# Determining if a word of specific length exists that is not accepted by a NFA

It is known that the problem of determining if an NFA accepts every word is PSPACE-COMPLETE, meaning it is also NP-Hard, but is this weaker version of the problem still NP-hard?

Given an NFA and a natural number $$n$$, determine if there exists a word of length $$n$$ that is rejected by the NFA.

At first I thought that it is possible to prove this is NP-Hard by reducing the problem of checking if every word is accepted by an NFA to it, by checking every word length until hitting an upper bound. but according to Yuval Filmus in this question, the upper bound is exponential in the number of states of the NFA, so this reduction does not work.

Is there a valid reduction from a NP-Hard problem, or is this problem solvable in polynomial time?

• This problem sounds like it might be related to intersection non-emptiness for DFA's with bounded input string length. See the BDFAI problem defined in The Parameterized Complexity of Intersection and Composition Operations on Sets of Finite-State Automata: citeseerx.ist.psu.edu/viewdoc/summary?doi=10.1.1.36.5196 Commented Jan 19, 2020 at 10:51
• I suggest that you can reduce from BDFAI to your problem as follows. Given a set of DFA's and a number $k$. Complement the DFA's and then OR them together to make an NFA. The DFA's accept some string of length k if and only if there is a string of length $k$ not accepted by the NFA. Commented Jan 19, 2020 at 11:00

Your problem is NP-hard, by reduction from 3SAT.

Let $$\varphi$$ be a 3SAT formula with $$m$$ clauses and on the $$n$$ variables $$x_1,\dots,x_n$$. Construct a NFA over the alphabet $$\Sigma=\{0,1\}$$ as follows. The $$n$$-bit input to the NFA is treated as an assignment to $$x_1,\dots,x_n$$. The NFA first nondeterministically selects one of the $$m$$ clauses. Then, it checks whether the input satisfies that clause, and if so, rejects; otherwise accepts. Note that if the input $$x$$ satisfies $$\varphi$$, then the NFA rejects; otherwise, the NFA accepts.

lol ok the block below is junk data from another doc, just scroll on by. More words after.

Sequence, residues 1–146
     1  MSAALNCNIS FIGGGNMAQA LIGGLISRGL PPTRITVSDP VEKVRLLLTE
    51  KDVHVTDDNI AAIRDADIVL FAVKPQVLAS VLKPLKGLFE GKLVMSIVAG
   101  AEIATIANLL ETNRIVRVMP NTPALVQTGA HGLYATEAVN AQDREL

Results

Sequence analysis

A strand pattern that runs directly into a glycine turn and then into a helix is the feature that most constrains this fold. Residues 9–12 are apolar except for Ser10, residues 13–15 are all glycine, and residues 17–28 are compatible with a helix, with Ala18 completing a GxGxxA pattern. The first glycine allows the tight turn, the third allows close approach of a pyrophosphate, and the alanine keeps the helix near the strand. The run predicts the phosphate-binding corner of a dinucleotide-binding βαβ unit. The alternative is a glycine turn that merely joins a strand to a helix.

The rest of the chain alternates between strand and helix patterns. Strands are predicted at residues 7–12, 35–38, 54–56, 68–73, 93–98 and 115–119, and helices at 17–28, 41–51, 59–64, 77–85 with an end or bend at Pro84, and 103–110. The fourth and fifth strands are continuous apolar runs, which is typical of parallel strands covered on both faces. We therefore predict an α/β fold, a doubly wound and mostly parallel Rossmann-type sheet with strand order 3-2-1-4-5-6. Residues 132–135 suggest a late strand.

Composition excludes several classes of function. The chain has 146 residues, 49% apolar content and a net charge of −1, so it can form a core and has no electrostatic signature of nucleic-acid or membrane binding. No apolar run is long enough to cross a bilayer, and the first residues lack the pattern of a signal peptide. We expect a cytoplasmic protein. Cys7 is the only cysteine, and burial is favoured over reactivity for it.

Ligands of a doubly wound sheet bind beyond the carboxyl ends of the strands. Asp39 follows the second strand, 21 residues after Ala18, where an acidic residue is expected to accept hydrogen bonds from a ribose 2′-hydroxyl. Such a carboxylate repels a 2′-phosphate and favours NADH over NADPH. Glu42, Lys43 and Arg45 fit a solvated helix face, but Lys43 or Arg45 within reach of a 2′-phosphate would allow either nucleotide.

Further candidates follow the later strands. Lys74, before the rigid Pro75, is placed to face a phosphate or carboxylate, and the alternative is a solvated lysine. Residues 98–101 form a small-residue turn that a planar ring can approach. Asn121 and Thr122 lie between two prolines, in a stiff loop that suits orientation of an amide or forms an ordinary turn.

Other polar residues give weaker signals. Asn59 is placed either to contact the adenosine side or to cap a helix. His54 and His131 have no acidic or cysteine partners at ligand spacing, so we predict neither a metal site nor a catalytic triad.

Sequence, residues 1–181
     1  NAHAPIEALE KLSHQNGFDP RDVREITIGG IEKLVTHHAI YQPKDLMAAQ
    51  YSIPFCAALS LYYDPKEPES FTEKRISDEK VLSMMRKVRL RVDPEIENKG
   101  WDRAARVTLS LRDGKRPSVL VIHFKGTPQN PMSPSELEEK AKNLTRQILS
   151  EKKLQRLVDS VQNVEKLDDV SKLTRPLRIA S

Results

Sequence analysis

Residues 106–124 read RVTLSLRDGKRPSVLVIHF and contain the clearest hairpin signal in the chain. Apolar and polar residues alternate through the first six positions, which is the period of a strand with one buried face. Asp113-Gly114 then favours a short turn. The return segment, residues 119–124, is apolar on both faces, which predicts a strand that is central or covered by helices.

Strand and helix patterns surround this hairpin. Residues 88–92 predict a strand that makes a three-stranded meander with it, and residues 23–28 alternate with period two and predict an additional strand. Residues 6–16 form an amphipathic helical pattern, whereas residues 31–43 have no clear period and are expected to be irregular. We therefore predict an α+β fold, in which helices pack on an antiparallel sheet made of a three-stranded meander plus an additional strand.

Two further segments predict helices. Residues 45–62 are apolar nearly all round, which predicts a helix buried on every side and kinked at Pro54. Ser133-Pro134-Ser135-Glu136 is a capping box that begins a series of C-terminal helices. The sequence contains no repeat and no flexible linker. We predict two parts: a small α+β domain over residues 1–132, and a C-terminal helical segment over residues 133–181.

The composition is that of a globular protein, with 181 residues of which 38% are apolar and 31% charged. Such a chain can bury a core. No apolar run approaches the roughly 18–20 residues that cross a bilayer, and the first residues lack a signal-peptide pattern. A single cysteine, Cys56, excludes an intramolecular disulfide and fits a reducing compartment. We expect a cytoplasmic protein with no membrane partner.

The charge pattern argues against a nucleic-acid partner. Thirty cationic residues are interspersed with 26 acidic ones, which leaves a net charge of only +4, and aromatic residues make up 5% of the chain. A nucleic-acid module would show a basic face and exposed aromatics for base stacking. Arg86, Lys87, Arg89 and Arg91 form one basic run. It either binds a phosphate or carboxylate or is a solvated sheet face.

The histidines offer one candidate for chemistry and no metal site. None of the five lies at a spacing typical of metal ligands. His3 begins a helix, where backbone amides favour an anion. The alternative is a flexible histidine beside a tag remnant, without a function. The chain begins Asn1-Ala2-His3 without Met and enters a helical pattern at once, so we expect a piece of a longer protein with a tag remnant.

Now there exists an input to the NFA of length $$n$$ that causes the NFA to reject, if and only if there is a satisfying assignment for $$\varphi$$. That means that your problem is at least as hard as 3SAT.

If $$n$$ is provided in unary, the problem is in NP. In particular, given a word of length $$n$$, it is easy to check in time polynomial in $$n$$ that it is rejected by the NFA. My thanks to Joshua Grochow for pointing this out.

It follows that if $$n$$ is provided in unary, your problem is NP-complete.

• Minor point but isn't this a coNP-hardness proof rather than an NP-hardness proof? This is giving a PTIME reduction from 3SAT to the complement of the universality problem (checking if an NFA is not universal)
– a3nm
Commented Jun 1 at 19:43
• @a3nm, Good point. I've revised my answer accordingly. Thank you for the correction.
– D.W.
Commented Jun 1 at 21:16
• Wait...checking if an NFA accepts/rejects a given string in deterministic polytime (in the size of the NFA and the size of the string), so the original problem is in NP (if n is given in unary)... Commented Jun 2 at 18:04
• I think the comment of a3nm got you confused ;) for the original problem asking for a rejected word, you gave indeed a NP-hardness proof: $\exists$ rejected word $\Leftrightarrow$ formula satisfiable. This means the problem is indeed NP-complete. Commented Jun 2 at 20:50
• @Denis, thank you for helping me to sort this out. I appreciate it.
– D.W.
Commented Jun 3 at 1:26

In the following paper, a regular expression $$r$$ over some alphabet $$\Sigma$$ is constructed that accepts the set $$INVALC_{M,w}$$ of invalid computations of a deterministic in-place Turing machine $$M$$ on an input $$w$$, which makes at least $$2^{|w|}$$ steps on input $$w$$ before it halts. That is, if $$M$$ does not accept $$w$$, then $$INVALC_{M,w}$$ is the universal language $$\Sigma^*$$, and otherwise, exactly one word is missing from $$INVALC_{M,w}$$.

Gregor Gramlich, Georg Schnitger: Minimizing nfa's and regular expressions. J. Comput. Syst. Sci. 73(6): 908-923 (2007)

I think that this construction can be altered to show that your problem is PSPACE-complete in the case where the number $$n$$ is encoded in binary.